But . . . we have to speak our minds. We have to express our opinions. We have to suggest out-of-the-box solutions. We have to argue our beliefs. We have to debate the controversies. This is hard to do when you have an underlying fear of being vilified for simply stating an opinion. We will be wrong sometimes. We will unknowingly offend sometimes. We will apologize sometimes. And we should also expect civility and respect from those with whom we disagree.

This is the only way a society remains healthy. We have to be creative. We have to create original ideas. We have to embrace visions that others might initially find uncomfortable. We also have to accept that we might fail. We have to express our beliefs with the understanding that others might disagree. We have to take risks in order to become better thinkers and decision makers. These are the only ways to contribute to the greater good.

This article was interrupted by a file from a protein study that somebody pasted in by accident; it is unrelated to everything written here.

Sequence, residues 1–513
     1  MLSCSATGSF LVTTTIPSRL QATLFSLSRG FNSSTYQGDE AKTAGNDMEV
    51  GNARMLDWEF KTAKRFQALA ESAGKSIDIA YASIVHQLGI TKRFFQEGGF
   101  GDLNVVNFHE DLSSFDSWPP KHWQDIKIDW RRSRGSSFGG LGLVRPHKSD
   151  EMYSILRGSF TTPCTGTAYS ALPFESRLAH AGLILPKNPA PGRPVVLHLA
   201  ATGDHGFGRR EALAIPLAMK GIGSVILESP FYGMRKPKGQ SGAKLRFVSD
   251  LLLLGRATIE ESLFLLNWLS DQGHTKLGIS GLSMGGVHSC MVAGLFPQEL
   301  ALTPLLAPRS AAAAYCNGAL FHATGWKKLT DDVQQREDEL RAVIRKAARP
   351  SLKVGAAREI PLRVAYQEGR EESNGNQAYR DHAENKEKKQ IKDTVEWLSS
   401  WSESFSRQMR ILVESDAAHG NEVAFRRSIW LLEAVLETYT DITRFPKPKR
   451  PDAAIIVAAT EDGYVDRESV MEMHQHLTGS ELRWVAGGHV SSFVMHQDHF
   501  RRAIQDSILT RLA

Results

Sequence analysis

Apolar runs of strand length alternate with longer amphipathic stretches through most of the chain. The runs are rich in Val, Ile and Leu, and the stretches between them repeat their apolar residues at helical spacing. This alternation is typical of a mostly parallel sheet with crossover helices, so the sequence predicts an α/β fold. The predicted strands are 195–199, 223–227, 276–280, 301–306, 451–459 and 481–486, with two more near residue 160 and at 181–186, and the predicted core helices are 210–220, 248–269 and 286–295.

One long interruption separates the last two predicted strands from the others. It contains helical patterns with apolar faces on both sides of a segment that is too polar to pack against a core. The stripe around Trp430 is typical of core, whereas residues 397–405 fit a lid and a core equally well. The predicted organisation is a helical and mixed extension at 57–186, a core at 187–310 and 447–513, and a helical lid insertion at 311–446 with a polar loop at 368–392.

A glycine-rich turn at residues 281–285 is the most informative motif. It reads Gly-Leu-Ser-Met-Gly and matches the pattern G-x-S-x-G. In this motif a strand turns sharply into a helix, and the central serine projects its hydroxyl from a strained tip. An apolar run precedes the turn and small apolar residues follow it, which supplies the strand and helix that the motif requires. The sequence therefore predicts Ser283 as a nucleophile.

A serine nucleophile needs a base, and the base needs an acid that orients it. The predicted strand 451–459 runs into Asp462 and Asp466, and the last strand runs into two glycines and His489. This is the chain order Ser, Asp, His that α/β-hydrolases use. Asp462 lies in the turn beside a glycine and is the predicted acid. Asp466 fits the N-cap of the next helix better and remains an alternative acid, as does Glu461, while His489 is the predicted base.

In the face of the present civil chaos, we still need to think, to make decisions, to solve problems and overcome the resistance or even bullying of others. We need to do it at home, with friends, in the workplace and in the public square. And what to you get out of all this? Peace of mind, knowing that you tried to solve the problem, make the best decision, and contribute to the common good. In 1910, Teddy Roosevelt said it well, “It is not the critic who counts; not the man who points out how the strong man stumbles, or where the doer of deeds could have done them better. The credit belongs to the man who is actually in the arena, whose face is marred by dust and sweat and blood; who strives valiantly; who errs, who comes short again and again, because there is no effort without error and shortcoming; but who does actually strive to do the deeds; who knows great enthusiasms, the great devotions; who spends himself in a worthy cause; who at the best knows in the end the triumph of high achievement, and who at the worst, if he fails, at least fails while daring greatly, so that his place shall never be with those cold and timid souls who neither know victory nor defeat.”